MINNEAPOLIS / ST. PAUL (09/04/2013) —A new collaboration between industry and academia is set to harness the energy of New York City’s East River. The University of Minnesota’s St. Anthony Falls Laboratory announced the launch of a new project that will advance research, innovation and training in marine and hydrokinetic technology, an emerging renewable energy that harnesses the power of rivers, tides and waves.

Developed around the nation’s first federally licensed installation of a commercial tidal power turbine system array—the Roosevelt Island Tidal Energy (RITE) Project in New York City’s East River—the effort combines the University of Minnesota St. Anthony Falls Laboratory’s cutting-edge computational modeling and experimental techniques with the industry expertise and unique field facilities of RITE Project lead, Verdant Power, Inc. (New York, NY), and the materials science and manufacturing strengths of Energetx Composites, Inc. (Holland, MI). The project is funded by a two-year, $600,000 grant from the National Science Foundation, through its Partnerships for Innovation: Building Innovation Capacity program.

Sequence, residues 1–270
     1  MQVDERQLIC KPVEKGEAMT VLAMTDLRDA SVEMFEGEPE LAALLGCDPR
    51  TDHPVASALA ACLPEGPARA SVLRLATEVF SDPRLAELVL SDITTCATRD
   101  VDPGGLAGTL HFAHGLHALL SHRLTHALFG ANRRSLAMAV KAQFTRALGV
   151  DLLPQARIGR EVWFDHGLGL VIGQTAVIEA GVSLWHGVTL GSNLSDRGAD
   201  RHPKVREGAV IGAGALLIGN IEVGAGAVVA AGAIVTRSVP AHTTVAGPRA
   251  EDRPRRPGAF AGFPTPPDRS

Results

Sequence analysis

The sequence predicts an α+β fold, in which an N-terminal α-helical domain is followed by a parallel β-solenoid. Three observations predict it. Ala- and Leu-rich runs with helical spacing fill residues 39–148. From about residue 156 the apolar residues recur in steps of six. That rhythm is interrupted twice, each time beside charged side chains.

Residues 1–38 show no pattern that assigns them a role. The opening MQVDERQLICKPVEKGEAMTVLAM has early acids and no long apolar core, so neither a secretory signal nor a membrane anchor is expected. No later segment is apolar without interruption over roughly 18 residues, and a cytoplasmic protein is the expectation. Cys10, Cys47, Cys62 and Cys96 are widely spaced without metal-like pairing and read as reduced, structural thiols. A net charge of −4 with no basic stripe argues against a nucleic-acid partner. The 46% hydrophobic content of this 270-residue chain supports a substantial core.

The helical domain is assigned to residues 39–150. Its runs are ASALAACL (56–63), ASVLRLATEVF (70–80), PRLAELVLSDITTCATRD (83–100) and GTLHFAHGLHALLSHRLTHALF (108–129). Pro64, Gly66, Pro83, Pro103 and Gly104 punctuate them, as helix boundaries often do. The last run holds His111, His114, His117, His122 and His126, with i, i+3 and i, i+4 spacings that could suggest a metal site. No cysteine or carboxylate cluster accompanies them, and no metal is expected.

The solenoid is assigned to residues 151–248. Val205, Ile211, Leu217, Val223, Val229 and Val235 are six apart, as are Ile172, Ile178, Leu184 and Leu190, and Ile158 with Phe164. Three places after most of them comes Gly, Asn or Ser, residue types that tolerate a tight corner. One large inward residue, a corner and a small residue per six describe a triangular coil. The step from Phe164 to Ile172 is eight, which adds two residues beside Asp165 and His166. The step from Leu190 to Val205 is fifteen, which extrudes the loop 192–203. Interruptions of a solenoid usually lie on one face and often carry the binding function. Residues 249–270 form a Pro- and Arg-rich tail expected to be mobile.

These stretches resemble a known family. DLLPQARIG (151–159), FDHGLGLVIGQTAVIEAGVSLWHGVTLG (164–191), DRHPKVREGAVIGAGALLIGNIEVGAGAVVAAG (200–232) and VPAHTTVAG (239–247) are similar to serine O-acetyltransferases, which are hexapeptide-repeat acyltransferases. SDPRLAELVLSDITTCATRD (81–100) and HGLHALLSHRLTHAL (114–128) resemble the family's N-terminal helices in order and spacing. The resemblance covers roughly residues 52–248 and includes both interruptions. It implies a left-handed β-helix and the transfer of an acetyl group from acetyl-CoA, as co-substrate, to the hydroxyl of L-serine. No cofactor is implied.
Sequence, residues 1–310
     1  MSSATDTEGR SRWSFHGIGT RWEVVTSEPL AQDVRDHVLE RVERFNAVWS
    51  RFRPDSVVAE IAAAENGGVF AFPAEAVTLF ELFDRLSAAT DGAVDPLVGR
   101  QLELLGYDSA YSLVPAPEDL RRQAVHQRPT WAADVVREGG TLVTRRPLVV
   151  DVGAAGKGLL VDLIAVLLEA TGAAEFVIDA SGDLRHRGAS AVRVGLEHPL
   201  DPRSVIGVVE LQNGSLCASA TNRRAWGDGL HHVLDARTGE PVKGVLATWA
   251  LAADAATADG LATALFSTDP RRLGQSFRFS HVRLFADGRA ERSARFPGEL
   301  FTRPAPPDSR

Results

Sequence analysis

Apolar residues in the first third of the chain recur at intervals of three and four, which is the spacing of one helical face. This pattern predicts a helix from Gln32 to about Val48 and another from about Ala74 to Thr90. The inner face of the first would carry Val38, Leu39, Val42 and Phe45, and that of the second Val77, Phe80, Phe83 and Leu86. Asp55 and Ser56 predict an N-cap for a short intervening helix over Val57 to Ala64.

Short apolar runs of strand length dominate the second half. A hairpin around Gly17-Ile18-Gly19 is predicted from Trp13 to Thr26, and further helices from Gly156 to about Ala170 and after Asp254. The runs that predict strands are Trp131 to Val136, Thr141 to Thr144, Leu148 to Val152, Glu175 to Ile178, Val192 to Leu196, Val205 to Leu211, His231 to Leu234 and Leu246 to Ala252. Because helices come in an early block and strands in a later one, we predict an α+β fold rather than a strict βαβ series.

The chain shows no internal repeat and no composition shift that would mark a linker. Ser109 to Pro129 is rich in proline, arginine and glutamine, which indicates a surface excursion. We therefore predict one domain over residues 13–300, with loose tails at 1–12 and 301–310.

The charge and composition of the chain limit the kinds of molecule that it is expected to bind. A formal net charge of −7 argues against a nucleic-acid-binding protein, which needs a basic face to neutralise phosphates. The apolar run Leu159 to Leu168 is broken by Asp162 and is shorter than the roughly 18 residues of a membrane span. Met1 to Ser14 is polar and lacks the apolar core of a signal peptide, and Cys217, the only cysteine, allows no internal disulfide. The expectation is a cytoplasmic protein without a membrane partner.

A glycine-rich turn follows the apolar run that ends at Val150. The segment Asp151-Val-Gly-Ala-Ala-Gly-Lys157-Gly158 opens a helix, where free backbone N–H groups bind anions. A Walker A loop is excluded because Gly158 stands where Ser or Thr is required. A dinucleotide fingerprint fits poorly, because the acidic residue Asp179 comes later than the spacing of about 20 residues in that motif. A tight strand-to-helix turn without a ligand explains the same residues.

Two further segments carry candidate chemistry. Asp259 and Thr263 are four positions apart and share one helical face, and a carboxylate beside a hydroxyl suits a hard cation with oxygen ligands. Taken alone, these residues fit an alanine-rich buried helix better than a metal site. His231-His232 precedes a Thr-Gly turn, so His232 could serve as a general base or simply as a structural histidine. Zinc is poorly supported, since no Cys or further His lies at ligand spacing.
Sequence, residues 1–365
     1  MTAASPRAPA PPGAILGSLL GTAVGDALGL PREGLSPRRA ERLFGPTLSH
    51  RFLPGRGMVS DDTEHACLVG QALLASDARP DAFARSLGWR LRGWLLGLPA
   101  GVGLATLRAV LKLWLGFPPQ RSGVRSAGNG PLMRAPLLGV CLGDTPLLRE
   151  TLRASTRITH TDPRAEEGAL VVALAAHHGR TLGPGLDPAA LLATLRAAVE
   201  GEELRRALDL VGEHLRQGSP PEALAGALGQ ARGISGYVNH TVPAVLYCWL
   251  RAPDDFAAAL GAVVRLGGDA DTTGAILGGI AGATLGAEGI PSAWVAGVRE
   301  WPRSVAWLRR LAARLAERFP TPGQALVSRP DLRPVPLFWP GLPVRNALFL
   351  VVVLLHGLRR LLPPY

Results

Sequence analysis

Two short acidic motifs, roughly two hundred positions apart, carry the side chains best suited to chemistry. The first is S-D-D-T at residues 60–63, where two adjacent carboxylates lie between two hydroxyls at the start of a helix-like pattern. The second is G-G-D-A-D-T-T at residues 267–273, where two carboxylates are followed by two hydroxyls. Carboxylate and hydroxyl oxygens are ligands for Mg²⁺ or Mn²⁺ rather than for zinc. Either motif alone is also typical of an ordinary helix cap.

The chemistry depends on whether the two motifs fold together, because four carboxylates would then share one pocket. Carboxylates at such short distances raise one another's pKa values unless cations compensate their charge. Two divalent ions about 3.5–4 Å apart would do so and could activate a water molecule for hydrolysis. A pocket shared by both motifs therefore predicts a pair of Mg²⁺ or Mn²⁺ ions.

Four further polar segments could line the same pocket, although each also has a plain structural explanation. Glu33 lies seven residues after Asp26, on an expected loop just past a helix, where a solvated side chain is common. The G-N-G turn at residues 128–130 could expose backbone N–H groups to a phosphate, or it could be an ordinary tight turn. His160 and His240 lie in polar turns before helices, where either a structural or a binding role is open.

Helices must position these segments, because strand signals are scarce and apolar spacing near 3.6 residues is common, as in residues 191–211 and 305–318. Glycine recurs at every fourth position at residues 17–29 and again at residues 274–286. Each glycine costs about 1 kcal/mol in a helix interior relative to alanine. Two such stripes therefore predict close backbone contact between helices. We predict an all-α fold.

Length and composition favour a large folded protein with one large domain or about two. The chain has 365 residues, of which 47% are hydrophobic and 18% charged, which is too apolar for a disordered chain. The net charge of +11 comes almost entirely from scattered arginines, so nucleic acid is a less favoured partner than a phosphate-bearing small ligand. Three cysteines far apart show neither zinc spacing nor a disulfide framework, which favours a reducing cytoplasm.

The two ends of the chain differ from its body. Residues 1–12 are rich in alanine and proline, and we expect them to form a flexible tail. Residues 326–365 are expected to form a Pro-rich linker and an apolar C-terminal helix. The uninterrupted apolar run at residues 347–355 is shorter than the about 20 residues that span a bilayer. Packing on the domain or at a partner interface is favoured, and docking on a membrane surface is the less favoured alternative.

The overall goal of the project is to promote the growing marine and hydrokinetic industry by enhancing the performance and resilience of the technologies used while ensuring environmental compatibility. In addition, the project aims to build the marine and hydrokinetic technology workforce through the development and pilot of technological and entrepreneurial curriculum in a four-year hydrology degree program at tribal college, Salish Kootenai College (Pablo, MT).